icon bookmark-bicon bookmarkicon cameraicon checkicon chevron downicon chevron lefticon chevron righticon chevron upicon closeicon v-compressicon downloadicon editicon v-expandicon fbicon fileicon filtericon flag ruicon full chevron downicon full chevron lefticon full chevron righticon full chevron upicon gpicon insicon mailicon moveicon-musicicon mutedicon nomutedicon okicon v-pauseicon v-playicon searchicon shareicon sign inicon sign upicon stepbackicon stepforicon swipe downicon tagicon tagsicon tgicon trashicon twicon vkicon yticon wticon fm
20 Aug, 2014 12:51

Russia excludes dietary milk, some vegetables from blacklist

Russia excludes dietary milk, some vegetables from blacklist

The Russian government has amended its list of banned agricultural products, by removing lactose-free milk and dairy products, young salmon and trout, as well as some vegetables and nutritional supplements from the list of restricted imports.

Seed potatoes, onions, and hybrid sweet corn can now be imported from Western countries after falling under Russia’s food ban in early August.

The exceptions to the list also include dietary supplements that come from plants and vegetables like vitamins, protein powders, and others.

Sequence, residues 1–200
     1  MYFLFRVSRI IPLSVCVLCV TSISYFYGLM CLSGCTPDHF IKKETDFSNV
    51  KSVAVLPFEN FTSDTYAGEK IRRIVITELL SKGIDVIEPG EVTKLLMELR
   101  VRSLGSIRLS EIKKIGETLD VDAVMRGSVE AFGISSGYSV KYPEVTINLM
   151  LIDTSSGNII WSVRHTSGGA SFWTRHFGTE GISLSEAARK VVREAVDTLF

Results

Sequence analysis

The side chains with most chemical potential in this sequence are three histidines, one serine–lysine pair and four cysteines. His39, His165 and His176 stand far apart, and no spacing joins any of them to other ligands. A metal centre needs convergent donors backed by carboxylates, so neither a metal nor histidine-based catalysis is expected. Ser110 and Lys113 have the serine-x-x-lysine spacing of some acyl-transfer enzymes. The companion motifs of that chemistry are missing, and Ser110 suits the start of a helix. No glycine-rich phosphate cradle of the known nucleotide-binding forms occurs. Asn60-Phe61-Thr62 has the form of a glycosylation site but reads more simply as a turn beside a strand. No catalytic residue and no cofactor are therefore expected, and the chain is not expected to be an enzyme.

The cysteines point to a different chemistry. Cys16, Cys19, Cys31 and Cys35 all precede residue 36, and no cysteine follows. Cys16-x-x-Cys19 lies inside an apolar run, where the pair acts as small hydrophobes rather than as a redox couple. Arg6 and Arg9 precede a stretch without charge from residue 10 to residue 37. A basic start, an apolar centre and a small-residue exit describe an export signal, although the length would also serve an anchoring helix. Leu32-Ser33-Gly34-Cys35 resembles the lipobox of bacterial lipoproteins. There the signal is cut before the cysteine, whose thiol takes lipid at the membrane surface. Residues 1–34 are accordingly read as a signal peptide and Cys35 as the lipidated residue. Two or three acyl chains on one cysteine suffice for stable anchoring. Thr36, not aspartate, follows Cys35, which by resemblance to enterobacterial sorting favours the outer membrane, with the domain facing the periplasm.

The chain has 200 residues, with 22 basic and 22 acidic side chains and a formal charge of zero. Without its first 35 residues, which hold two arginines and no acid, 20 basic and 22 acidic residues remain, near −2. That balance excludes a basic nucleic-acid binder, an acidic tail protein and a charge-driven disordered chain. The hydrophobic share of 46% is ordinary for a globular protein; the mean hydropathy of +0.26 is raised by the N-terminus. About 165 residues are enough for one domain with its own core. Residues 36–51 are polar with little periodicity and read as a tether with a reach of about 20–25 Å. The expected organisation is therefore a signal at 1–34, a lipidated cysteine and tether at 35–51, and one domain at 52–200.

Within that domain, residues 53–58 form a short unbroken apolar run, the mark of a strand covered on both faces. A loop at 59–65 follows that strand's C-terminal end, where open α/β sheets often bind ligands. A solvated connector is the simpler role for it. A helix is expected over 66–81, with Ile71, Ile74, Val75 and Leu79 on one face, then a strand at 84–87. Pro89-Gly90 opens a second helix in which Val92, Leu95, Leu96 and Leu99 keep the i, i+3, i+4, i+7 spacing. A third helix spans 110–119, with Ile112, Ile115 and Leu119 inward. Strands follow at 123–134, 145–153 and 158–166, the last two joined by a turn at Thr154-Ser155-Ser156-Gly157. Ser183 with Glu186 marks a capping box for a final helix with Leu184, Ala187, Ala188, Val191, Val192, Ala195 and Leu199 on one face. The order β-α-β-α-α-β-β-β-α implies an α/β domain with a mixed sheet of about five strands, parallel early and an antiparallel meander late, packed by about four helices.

The government decree was signed by Prime Minister Dmitry Medvedev on Wednesday.

On August 7 Medvedev instigated the ban on imported beef, pork, poultry, fish, cheese, milk, and fruit vegetables from Australia, Canada, the EU, the US and Norway.

Earlier this week a group of Russians filed a petition to the PM urging products needed for “special dietary purposes,” such as lactose or gluten free, be excluded from the blacklist.

The group said gluten- and lactose-free products made by Valio, as well as meat products and grocery of other European producers with special markings “didn’t have alternatives manufactured in Russia, and was the only lactose-free and gluten –free nutrition for children and adults diagnosed with coeliacia.”

Norway will welcome a reversal on the decision to ban seafood. Russia is the country’s largest seafood export market. In 2013 Norway’s seafood exports were $1.04 billion, about 10 percent of which went to Russia.

Aside from vital dietary and health supplements, Russia says it is ready to try and replace foreign goods with domestically produced items.

The bans on food provide a unique opportunity for Russia to develop its own facilities and production centers, instead of relying on imports.